Sermon for January 6, 2008
Sermon for January 6, 2008
Isaiah 60:1-6, Ephesians 3:1-12, Matthew 2:1-12
Using a series of markers: stones, poles placed in the ground, and natural features, pre-historic humans in the northern hemisphere began to notice something very special at this time of the year.
For several months now, the earth has become colder as the days have become shorter. Eventually the landscape becomes white. The life giving warmth from the light has been slowly ebbing away.
But now, by means of ancient marking devices, about this time of year, ancient humans noticed that the days were no longer growing shorter. The days were in fact growing longer. To be sure some of the coldest days were yet to come. But those who were wise in the way of the world could now say with some certainty that the long slide into darkness had ended. The daylight was growing slowly at the end and the beginning of each day. And in that great conflict between light and darkness which defined the ancient mind in many ways, light was again expanding its influence. There would be a spring. The ground will thaw again. Life will go on.
These ancient humans in both Europe and North America genuinely celebrated this frozen new dawn. As the marking of the days became more precise, the calendars became more fixed and ceremonially significant. The movement of not only the sun but also the stars was used to predictably interpret the coming seasons. A winter solstice festival was centered on the return of light, hope, life, and renewal.
As Christianity emerged and spread, it often incorporated various customs into a developing Christian calendar, giving a new layer of meaning to the old ways and rhythms. Epiphany, the festival we remember this day, is such an event. Eventually the festival centered on the return of light, hope, life, and renewal evolved into what we know as Epiphany in historic Christian Europe.
Epiphany comes twelve days after Christmas. It has only been in the last few hundred years that Christmas was noted at all in the Christian calendar. Before the most recent centuries, the most important winter event in our Christian life was Epiphany.
Epiphany was a festival built around fires, light, lamps, and candles. Gifts were exchanged as a sign of joy. It was a time when the wisdom of the tribe and the village was honored, a wisdom that revealed that light was returning. It noticed the movement of the bodies in the heavens and the growing dawn.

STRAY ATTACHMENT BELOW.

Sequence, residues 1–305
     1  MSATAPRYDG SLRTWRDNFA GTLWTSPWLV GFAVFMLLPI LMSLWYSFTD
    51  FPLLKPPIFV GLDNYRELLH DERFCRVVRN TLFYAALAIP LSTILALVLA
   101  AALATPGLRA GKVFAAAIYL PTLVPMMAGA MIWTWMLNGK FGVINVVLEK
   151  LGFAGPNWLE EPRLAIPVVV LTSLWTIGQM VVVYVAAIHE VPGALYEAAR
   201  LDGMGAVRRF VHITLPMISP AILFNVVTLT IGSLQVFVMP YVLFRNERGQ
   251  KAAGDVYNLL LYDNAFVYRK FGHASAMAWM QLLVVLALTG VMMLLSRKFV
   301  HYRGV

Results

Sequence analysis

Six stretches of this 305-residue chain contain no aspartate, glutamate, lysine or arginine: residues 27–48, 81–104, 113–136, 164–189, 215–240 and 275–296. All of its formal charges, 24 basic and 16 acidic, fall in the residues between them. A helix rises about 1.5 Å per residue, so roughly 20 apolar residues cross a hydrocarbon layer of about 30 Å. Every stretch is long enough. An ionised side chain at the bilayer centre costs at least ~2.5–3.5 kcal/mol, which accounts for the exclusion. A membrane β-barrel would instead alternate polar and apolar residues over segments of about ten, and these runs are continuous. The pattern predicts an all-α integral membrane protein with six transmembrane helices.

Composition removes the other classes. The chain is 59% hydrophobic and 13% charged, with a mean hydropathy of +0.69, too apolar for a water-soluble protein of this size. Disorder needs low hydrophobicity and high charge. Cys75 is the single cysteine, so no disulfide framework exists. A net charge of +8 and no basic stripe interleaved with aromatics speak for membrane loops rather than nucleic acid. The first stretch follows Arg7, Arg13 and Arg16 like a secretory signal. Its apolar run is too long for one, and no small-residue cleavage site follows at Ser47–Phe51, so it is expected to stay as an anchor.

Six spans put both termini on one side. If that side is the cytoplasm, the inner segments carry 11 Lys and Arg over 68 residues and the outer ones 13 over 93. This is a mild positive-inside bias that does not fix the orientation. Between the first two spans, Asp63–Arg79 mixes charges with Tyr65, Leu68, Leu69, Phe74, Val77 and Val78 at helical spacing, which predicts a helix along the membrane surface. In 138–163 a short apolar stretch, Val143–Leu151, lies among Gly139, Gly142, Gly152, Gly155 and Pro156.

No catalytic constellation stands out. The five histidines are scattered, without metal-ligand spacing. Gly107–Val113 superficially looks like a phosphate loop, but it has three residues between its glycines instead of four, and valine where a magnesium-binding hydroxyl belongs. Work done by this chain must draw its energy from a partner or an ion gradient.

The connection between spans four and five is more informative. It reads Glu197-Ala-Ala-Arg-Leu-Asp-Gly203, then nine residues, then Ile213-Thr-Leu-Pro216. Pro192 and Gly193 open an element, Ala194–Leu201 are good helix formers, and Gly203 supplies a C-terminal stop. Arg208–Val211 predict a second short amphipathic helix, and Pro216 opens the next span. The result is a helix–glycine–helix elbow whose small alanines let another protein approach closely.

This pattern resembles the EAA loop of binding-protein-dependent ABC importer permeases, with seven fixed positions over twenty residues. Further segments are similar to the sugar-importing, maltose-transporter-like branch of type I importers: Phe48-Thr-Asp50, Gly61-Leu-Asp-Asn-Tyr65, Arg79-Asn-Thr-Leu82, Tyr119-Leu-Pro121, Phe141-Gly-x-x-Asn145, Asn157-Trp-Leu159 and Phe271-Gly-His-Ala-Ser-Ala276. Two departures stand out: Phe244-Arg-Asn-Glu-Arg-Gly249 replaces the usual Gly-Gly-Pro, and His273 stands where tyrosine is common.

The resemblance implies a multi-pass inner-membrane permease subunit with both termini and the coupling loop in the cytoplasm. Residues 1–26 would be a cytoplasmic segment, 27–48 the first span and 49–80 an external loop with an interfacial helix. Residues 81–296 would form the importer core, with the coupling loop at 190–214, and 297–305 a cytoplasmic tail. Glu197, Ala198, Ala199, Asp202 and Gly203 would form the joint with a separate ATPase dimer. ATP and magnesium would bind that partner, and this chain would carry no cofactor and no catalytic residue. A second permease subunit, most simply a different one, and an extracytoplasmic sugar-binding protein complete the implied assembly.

Light is what allows us to see. It reveals. The word epiphany means to see, to have a revelation, to discover something new. The Christian epiphany has always been about insight, vision, seeing, seers and wisdom.
With the emergence of Christmas and American impatience, the gift-giving and the Christmas light have been moved forward into December. But the sense of new insight or wisdom has remained anchored in Epiphany.
In the Christian Epiphany legends, the wise sages from the east, astrologers and foreigners, are the central figures. We have the story of the wise sages in our gospel today. Their gifts figure prominently in the story. The sages speak of the birth of hope and the growing victory of light over the forces of darkness in the struggle between the child and the evil king.
They have seen the signs in the heavens and have come to worship. Through them we sense the foundation of a wisdom that transcends human tribal identity: attention to the rhythm of the stars, the ability to appreciate the amazing events in cultures other than our own, the capacity to understand and act on the dreams of one’s heart, and the ability to offer a humble gift. These are the elements of epiphany wisdom.
The other lessons selected for this day return us to these themes. In the more ancient words of Isaiah 60 we hear of the primitive connection of light and life struggling with darkness and despair.
The Ephesians passage is St. Paul’s recollection of his epiphany or revelation as he says in verse three. He refers to his insight, his wisdom, his guiding light, his revelation that Jesus lived, taught, died, and rose, not only for his own people, not only for the Hebrew nation, but for all people everywhere, for the Gentiles. Christ lived and died for the world, not just a few people. That was Paul’s central epiphany. It shaped his life as a missionary to the Gentiles, and it has shaped our faith ever since.
Although we are far removed from our prehistoric ancestors, from St. Paul, and Isaiah, as well as the Christian story of Epiphany, we may still find that this January is a time for connecting to the natural world, for warming to the growing light, for gift assessment, for seeking deeper wisdom and insight, and for grounding ourselves in God’s victory of light over darkness.
Over the season of Epiphany which now will be with us until February 6, Ash Wednesday, may these questions slowly illumine your life:
How are we modern people still connected to the natural rhythm of creation, and what responsibilities do we have?
In what ways do we see the light and the hope growing, gradually overcoming the darkness of sin and despair, in our lives, our community, and the world?
What gifts shall we give to God, to those we love, and to those in need as we lift up the treasures of our lives and hearts? What are your talents and gifts?
What revelation, deeper insight or new understanding is on the horizon for you?
Remember now Jesus: his simple birth and life, his ministry and teaching, his death and resurrection. How does this story of Jesus warm your heart and give you courage now to face the colder days?
Each day is getting longer. Soon enough, as Isaiah suggests, we will live with many different people eternally in the light.